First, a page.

RESEARCH ARTICLE


Accuracy and Precision of a Surgical Navigation System: Effect of Camera and Patient Tracker Position and Number of Active Markers



Kenneth R. Gundle1, 2, *, Jedediah K. White3, Ernest U. Conrad3, 4, Randal P. Ching5
1 Oregon Health & Science University, Department of Orthopaedics & Rehabilitation, Portland, USA
2 Portland VA Medical Center, Operative Care Division, Portland, USA
3 University of Washington Medical Center, Department of Orthopaedics & Sports Medicine, Washington, USA
4 Seattle Children’s Hospital, Department of Orthopaedic Surgery, Washington, USA
5 University of Washington Applied Biomechanics Laboratory, Washington, USA


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© 2017 Gundle et al.

open-access license: This is an open access article distributed under the terms of the Creative Commons Attribution 4.0 International Public License (CC-BY 4.0), a copy of which is available at: https://creativecommons.org/licenses/by/4.0/legalcode. This license permits unrestricted use, distribution, and reproduction in any medium, provided the original author and source are credited.

* Address correspondence to this author at the Oregon Health & Science University, Department of Orthopaedics & Rehabilitation, 3181 SW Sam Jackson Park Road, OP31. Portland, OR 97239, Portland, USA; Tel: 503-494-6400; E-mail: gundle@ohsu.edu


Abstract

Introduction:

Surgical navigation systems are increasingly used to aid resection and reconstruction of osseous malignancies. In the process of implementing image-based surgical navigation systems, there are numerous opportunities for error that may impact surgical outcome. This study aimed to examine modifiable sources of error in an idealized scenario, when using a bidirectional infrared surgical navigation system.

Materials and Methods:

Accuracy and precision were assessed using a computerized-numerical-controlled (CNC) machined grid with known distances between indentations while varying: 1) the distance from the grid to the navigation camera (range 150 to 247cm), 2) the distance from the grid to the patient tracker device (range 20 to 40cm), and 3) whether the minimum or maximum number of bidirectional infrared markers were actively functioning. For each scenario, distances between grid points were measured at 10-mm increments between 10 and 120mm, with twelve measurements made at each distance. The accuracy outcome was the root mean square (RMS) error between the navigation system distance and the actual grid distance. To assess precision, four indentations were recorded six times for each scenario while also varying the angle of the navigation system pointer. The outcome for precision testing was the standard deviation of the distance between each measured point to the mean three-dimensional coordinate of the six points for each cluster.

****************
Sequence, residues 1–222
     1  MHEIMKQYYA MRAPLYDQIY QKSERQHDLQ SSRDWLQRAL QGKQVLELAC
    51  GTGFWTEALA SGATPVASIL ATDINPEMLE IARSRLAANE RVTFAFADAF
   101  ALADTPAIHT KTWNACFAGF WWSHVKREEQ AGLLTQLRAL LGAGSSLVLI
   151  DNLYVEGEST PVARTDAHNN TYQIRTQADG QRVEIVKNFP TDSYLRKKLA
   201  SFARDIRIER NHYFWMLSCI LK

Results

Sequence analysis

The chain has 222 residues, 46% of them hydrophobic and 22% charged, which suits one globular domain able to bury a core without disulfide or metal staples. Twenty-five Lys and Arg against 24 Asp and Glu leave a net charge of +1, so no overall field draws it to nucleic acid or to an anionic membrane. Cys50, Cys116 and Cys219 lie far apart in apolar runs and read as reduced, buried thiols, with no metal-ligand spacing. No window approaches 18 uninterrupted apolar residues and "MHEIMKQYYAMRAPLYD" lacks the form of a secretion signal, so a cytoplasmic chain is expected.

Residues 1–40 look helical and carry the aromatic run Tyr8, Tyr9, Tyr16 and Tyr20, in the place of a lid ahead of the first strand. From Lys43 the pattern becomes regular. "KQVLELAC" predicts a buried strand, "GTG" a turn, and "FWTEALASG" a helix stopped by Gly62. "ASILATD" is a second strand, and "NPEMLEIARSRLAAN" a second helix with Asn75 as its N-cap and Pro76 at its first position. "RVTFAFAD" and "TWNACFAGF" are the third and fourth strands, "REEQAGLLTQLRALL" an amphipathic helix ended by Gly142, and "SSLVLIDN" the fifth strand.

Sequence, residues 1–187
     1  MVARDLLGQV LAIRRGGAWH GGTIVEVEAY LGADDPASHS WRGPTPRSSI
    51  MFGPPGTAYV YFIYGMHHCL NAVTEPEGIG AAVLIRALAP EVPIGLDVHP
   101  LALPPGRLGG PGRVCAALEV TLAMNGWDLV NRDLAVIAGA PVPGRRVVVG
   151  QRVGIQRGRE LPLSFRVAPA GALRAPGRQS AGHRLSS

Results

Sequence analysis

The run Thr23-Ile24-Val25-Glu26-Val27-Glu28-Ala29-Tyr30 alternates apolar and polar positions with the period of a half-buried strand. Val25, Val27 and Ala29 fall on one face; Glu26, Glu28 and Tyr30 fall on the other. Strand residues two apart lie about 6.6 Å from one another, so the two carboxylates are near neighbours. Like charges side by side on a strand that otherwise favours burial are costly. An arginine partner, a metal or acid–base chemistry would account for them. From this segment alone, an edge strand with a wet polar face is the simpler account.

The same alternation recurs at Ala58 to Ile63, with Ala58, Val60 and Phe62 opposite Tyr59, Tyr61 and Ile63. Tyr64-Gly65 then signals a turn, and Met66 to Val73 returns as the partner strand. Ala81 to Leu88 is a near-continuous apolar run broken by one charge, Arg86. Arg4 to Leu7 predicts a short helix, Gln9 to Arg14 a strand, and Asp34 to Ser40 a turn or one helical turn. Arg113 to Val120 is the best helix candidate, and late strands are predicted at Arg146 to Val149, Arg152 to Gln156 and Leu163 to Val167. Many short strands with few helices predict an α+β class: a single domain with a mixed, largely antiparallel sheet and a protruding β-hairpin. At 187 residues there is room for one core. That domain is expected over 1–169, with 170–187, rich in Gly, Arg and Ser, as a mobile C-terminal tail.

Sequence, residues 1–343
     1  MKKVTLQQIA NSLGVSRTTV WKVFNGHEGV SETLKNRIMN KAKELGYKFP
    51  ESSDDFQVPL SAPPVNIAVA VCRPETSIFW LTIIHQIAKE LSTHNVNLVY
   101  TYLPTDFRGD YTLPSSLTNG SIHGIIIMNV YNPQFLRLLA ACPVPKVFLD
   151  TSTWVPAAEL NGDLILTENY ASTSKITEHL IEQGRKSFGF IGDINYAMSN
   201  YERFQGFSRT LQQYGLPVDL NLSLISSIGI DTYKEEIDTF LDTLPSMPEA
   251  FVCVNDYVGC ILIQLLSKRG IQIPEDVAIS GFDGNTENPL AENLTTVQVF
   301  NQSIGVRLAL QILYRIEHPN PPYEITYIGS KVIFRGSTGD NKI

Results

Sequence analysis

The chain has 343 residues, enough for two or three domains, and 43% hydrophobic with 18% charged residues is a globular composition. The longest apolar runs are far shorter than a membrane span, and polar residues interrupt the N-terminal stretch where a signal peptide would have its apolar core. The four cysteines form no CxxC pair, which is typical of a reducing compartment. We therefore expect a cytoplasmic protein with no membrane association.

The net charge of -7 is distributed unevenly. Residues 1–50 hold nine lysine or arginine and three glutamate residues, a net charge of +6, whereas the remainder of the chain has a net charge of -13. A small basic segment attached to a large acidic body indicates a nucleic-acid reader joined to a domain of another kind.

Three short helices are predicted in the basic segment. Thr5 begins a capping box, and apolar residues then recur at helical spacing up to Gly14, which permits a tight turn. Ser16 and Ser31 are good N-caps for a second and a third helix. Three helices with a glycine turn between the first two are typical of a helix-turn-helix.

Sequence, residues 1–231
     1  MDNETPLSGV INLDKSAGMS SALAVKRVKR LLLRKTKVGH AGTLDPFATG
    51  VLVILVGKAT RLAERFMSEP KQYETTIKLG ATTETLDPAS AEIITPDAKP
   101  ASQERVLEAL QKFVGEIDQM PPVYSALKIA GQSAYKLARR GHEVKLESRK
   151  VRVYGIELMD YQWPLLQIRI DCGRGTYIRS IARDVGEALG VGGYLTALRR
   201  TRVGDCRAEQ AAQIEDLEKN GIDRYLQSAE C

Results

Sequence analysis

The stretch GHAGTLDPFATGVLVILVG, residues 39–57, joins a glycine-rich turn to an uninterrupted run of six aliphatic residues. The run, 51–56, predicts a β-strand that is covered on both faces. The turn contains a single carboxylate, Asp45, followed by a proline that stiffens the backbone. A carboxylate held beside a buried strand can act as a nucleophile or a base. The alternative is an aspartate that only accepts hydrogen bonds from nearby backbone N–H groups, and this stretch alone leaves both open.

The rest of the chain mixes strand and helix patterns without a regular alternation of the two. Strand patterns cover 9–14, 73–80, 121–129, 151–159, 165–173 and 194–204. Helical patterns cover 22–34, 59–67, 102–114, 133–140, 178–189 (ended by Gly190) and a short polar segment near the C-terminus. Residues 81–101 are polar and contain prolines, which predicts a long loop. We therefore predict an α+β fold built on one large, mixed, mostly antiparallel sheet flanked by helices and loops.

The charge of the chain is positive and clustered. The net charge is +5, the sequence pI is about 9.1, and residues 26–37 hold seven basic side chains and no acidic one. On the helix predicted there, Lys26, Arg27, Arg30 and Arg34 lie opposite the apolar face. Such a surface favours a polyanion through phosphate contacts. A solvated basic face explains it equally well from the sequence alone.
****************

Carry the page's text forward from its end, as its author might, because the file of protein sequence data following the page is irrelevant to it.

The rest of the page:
Results:

Univariate and multiple linear regression revealed that as the distance from the navigation camera to the grid increased, the RMS error increased (p<0.001). The RMS error also increased when not all infrared markers were actively tracking (p=0.03), and as the measured distance increased (p<0.001). In a multivariate model, these factors accounted for 58% of the overall variance in the RMS error. Standard deviations in repeated measures also increased when not all infrared markers were active (p<0.001), and as the distance between navigation camera and physical space increased (p=0.005). Location of the patient tracker did not affect accuracy (0.36) or precision (p=0.97)

Conclusion:

In our model laboratory test environment, the infrared bidirectional navigation system was more accurate and precise when the distance from the navigation camera to the physical (working) space was minimized and all bidirectional markers were active. These findings may require alterations in operating room setup and software changes to improve the performance of this system.

Keywords: Surgical Navigation, Computer-assisted surgery, Bone tumors, Registration, Accuracy, Error.